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VINE VOICEon April 18, 2017
High Fidelity is a funny book, though at times not enjoyable. In a nutshell, this is the story of a man-child who is lazy, romantic and pathetic - not only in his love life but also his larger life. The romance is entirely self-directed, which is why Rob is such a pathetic character. It works because it is funny and the author makes you believe that this guy and his sad excuse for a life could actually exist.

Rob is thirty-five going on twenty. His is a character that one feels flashes of sympathy for, but not as often as one wants to kick him in the rear and tell him to grow up and get a life that exists at least some of the time out of his head. (I read this long after seeing the movie and I must say that John Cusack does a brilliant job of bringing Rob to life on the big screen).

Rob's existential crisis revolves around women and his inability to sustain a good relationship. They always leave him (for the most part) and he has no clue that this is just how some relationships end or that he is usually the author of his own rejection. The book revolves around Rob's listing of his five most searing break-ups and his attempt to reconnect with his former flings to answer the question "why?" The larger story is Rob himself and the departure of Laura, the most significant love of his life who has just moved out after sharing a flat (this takes place in London) with him for years. Rob's day job, a fantasy small business where he indulges his preoccupation with pop music and a snobbish world view driven by other's appreciation of the "right" or "wrong" songs, is as much of a disaster as his love life.

Nick Hornby mines both lives for a lot of laughs. His writing is funny and descriptive and one gets to know Rob well (though one does not like Rob at all). This book had a lot of laugh out loud moments. I suspect there might be a little bit of Rob in a lot of guys - though I think maturity and living help stamp out the narcissism and utter self-absorption in those of us who go on to enjoy at least a modest success in our romantic and other lives. There is a lot to be said for growing up and learning - one is unsure if Rob will really embrace those concepts while reading this enjoyable book.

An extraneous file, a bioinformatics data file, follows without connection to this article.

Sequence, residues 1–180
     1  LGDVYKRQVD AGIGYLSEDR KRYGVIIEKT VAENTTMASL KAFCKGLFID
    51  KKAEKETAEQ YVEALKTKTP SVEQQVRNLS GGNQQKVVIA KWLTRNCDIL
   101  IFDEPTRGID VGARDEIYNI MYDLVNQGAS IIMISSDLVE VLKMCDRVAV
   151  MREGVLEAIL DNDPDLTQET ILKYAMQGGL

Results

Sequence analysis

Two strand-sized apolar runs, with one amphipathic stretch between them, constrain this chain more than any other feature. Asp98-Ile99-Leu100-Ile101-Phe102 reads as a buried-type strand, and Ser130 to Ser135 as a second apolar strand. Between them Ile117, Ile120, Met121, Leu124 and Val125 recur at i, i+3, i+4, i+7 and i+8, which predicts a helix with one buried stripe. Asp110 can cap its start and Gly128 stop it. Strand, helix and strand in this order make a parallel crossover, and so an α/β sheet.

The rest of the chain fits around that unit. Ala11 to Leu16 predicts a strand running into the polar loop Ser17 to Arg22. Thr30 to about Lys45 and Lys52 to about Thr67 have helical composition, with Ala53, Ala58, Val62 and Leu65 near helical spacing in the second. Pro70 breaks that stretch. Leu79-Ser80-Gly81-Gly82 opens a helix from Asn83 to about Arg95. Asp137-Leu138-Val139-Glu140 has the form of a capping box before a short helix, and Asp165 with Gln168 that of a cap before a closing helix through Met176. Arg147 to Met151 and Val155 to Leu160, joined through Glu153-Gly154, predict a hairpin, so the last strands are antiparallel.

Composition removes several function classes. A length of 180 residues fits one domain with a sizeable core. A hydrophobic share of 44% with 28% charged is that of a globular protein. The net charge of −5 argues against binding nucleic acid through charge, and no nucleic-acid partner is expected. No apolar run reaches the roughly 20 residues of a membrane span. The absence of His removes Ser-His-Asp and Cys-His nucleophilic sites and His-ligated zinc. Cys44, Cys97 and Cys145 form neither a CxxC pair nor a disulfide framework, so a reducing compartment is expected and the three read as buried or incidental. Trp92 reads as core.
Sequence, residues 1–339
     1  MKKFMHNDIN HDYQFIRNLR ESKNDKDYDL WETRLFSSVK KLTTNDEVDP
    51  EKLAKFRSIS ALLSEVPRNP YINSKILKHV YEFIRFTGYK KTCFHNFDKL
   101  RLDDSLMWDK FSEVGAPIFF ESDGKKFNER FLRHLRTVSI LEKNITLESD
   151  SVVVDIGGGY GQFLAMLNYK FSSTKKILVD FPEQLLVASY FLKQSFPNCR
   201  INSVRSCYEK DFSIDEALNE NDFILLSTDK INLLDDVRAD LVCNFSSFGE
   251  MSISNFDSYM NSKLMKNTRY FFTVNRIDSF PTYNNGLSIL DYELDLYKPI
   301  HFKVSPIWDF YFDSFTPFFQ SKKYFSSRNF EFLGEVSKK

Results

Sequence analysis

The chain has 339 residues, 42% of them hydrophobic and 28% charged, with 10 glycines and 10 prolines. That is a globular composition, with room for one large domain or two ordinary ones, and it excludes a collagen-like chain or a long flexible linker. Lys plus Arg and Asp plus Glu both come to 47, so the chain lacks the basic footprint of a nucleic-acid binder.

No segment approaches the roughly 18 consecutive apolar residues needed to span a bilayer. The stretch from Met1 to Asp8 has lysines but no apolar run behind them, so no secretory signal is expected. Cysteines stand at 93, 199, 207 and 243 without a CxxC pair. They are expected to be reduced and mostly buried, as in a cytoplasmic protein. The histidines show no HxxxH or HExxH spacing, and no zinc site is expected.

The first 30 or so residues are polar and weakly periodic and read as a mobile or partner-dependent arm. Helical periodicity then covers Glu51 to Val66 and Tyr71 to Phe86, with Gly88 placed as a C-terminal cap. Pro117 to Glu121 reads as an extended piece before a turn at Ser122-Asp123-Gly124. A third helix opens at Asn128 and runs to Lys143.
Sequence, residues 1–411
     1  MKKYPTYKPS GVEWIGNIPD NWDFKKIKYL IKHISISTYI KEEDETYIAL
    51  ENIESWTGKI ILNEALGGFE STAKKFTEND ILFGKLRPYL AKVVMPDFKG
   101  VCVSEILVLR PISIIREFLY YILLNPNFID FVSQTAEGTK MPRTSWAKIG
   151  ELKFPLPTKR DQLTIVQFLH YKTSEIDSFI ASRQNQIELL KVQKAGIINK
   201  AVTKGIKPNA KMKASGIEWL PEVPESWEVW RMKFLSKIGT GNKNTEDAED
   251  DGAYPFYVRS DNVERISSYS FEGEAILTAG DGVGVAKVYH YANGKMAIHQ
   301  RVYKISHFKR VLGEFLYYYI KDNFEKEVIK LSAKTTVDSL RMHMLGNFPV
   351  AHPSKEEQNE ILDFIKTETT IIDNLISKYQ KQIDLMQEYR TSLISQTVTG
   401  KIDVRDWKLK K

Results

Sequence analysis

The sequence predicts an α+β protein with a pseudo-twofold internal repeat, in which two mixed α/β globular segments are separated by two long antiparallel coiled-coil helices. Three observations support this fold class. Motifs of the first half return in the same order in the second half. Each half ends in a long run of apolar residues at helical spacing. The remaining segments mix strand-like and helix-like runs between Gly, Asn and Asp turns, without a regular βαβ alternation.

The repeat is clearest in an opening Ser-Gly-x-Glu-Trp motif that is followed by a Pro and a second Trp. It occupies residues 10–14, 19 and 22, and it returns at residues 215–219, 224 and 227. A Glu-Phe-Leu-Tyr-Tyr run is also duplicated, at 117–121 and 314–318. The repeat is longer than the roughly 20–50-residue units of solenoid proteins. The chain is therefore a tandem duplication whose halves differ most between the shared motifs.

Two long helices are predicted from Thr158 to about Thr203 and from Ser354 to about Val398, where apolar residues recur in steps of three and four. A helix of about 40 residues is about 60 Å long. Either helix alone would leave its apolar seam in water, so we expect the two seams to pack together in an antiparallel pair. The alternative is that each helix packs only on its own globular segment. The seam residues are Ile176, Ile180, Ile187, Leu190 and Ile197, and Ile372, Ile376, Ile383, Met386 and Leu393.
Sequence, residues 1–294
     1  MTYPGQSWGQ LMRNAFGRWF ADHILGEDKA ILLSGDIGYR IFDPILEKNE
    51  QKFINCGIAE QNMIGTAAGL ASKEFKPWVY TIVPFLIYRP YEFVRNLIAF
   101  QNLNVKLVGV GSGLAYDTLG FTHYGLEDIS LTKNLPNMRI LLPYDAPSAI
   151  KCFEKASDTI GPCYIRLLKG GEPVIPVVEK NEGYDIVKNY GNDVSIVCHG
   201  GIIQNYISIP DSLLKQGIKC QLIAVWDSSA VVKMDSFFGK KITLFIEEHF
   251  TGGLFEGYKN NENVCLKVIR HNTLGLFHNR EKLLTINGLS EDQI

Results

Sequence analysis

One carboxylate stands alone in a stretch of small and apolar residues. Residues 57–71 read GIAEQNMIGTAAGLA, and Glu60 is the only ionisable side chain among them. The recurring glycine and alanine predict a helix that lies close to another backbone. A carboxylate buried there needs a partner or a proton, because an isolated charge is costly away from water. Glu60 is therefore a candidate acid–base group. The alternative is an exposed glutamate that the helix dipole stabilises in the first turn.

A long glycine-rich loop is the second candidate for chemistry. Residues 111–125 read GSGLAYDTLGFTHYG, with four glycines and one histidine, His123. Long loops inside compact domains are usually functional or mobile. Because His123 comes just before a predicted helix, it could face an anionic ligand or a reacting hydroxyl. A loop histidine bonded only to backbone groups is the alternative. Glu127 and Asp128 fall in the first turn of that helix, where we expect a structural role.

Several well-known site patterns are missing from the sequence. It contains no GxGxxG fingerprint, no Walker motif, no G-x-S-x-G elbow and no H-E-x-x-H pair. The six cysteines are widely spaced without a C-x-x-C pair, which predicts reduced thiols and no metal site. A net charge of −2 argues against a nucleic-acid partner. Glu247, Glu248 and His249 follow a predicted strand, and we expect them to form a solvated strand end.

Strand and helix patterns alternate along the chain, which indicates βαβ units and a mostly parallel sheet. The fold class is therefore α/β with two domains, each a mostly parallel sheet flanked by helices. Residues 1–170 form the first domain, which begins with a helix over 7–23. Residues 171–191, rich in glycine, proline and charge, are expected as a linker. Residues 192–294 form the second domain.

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on November 18, 2011
I wish I could elaborate on this book more, but suffice it to say that it was a very good novel worth reading, although I tend to gravitate towards other Hornby novels, such as A Long Way Down and Juliet, Naked. Still, it was a fantastic read, and from what I understand is usually considered his best novel, other than maybe About a Boy. There's just nothing I have but the utmost respect for Hornby as a writer. He paints the scenes well, and he uses varying themes throughout all his books. I guess almost anyone can relate to this book, as it involves relationships and those that hurt the most. It is about love, and loss, and then love again. I've seen the movie once a long time ago, and while reading the book, I imagined Jack Black and John Cusack as the two major characters. I'd say the book was better, because movies cut out so much that I almost wish that so many books weren't becoming movies. Definitely worth at least one read, as it is the perfect escape from whatever life is currently throwing at you. Great writing style, keeps your attention through the whole book. A must read for music lovers, as there are so many music references that you can tell that Hornby is a music buff. Some day I hope to write a novel this good, but the odds of that are a million to one.
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on May 21, 2000